“I couldn’t get her out of my mind because she seems so much like a real woman to me. I recognise both her ferocity and her anxiety as qualities that were so compelling because I feel like in the books, and I hope in the show, the spirit of that character is just incredible and she’s so unapologetically herself,” Brebner explains, pointing to Jenny’s ability to persevere despite her sometimes overwhelming anxiety and fear. “Bravery is overcoming fear, not a lack of fear. So there was something about the character I just responded to and I felt like I should do this.”
The writer drew from elements across several of Hall’s books to build the series, transmuting characters and stories but all the time ensuring Jenny’s sense of humour and tone of character remained central to the series, which is produced by Back Alley, Muse Entertainment and Cineflix Studios. The latter also holds worldwide distribution rights.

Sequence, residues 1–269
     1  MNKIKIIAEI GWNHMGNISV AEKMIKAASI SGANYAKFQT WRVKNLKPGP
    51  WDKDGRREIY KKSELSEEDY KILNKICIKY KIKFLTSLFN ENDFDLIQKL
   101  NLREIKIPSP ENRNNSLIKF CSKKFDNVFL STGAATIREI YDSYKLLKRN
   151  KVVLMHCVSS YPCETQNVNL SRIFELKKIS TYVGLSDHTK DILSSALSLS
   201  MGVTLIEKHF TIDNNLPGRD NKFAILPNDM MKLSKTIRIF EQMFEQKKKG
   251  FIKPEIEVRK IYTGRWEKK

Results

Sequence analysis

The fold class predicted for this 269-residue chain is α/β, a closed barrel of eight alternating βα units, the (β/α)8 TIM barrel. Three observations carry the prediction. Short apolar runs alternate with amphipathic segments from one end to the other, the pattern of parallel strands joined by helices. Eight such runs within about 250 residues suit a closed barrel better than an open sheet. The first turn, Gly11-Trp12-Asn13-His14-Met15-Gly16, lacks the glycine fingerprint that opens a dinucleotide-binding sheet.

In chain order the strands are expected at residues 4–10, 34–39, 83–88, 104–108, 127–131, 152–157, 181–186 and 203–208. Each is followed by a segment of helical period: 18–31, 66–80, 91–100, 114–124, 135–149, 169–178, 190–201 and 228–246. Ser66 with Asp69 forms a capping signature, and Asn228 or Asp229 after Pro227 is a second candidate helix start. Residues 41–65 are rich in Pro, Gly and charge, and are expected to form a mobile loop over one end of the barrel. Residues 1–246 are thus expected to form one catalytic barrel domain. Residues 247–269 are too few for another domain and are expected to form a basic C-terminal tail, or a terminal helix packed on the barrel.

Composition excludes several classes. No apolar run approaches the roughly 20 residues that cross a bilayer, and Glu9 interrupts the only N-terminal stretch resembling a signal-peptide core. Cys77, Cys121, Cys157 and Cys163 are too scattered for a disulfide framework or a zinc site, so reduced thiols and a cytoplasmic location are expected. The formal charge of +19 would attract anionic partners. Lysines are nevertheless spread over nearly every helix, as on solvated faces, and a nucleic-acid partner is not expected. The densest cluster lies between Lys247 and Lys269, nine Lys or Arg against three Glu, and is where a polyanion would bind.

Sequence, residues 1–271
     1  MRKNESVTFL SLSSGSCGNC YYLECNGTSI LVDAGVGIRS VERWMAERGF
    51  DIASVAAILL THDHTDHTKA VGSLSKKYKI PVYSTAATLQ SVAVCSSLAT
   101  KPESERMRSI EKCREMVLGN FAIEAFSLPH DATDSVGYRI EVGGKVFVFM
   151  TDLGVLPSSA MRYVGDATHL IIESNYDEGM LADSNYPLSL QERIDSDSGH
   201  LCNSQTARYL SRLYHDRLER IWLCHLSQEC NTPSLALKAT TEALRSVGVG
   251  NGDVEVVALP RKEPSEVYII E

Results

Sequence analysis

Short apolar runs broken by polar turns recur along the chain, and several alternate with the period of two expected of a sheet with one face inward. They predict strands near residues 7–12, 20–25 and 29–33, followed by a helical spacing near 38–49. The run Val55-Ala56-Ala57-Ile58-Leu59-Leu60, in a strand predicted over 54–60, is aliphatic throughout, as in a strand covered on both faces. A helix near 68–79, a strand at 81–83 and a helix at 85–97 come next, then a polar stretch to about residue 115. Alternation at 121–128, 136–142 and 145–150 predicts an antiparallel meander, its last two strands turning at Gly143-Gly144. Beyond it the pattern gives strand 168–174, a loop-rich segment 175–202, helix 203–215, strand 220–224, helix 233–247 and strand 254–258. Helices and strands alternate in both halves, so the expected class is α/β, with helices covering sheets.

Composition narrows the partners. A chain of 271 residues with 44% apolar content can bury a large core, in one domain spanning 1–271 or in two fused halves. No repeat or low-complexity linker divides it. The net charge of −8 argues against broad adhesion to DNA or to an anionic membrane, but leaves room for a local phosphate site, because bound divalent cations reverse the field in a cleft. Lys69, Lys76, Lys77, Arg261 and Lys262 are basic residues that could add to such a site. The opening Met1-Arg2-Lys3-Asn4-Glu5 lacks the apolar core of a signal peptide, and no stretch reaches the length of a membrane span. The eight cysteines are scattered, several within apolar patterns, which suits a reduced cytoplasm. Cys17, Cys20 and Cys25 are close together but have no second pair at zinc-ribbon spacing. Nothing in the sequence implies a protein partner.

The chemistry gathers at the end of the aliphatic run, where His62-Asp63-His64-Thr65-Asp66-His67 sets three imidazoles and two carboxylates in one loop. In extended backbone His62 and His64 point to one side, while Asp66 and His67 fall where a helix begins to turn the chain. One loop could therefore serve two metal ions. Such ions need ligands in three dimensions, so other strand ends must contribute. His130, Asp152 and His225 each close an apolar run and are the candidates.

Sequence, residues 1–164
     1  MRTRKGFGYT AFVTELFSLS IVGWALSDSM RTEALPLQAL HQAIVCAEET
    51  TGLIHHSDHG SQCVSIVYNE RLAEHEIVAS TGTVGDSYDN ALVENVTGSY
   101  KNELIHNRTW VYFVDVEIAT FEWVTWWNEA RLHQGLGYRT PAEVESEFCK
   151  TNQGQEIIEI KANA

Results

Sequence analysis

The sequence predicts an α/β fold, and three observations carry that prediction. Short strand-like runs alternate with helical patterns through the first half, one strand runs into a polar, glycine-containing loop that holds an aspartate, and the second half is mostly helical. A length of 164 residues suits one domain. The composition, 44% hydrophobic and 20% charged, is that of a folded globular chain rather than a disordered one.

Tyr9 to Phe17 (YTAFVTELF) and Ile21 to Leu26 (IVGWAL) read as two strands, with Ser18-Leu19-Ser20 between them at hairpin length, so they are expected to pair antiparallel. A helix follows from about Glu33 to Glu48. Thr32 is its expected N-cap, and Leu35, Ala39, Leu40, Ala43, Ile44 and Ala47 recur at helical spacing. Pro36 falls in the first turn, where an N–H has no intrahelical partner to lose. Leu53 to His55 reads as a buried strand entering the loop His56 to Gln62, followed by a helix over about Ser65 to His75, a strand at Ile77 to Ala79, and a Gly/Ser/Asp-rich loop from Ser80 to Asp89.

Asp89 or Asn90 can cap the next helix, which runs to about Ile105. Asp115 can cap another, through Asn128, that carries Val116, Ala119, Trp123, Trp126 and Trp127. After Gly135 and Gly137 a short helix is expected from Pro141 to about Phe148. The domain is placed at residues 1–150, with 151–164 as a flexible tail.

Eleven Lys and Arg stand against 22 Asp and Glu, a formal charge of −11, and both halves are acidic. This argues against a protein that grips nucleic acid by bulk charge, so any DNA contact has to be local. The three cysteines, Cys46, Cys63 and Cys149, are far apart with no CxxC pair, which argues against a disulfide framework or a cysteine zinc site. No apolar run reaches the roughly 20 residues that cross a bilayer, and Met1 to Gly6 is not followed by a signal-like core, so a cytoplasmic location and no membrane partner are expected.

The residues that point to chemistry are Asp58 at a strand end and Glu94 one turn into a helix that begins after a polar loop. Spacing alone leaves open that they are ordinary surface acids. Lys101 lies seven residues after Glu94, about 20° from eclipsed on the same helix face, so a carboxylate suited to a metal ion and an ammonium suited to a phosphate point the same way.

One of the most notable changes was the decision to kill off Jenny’s husband, who is still alive in the books. Brebner made the call after being unable to figure out a satisfactory way to include him throughout the series – and subsequently found that the move created more space for Jenny’s own adventures. “It was a bit like a Disney story where the parents die so people can go off and have an adventure,” she explains.
Jenny is also finely balanced between the important dual roles in her life, being both a coroner and a single mother to a teenage son. “She’s a coroner dealing with death, but being a mother is such a profound relationship with life and gives you a real sense of mortality,” Brebner continues. “She’s also embarking on a new romance with a mysterious dude, and I love that character. He’s got a different name and is a little bit different in our show [from the books] but that romance is so fascinating to me because she’s someone who’s been married for a long time and then is newly unleashed to the world. So we’re really watching her find her own incredible sensuality and trying to figure out how to deal with that.”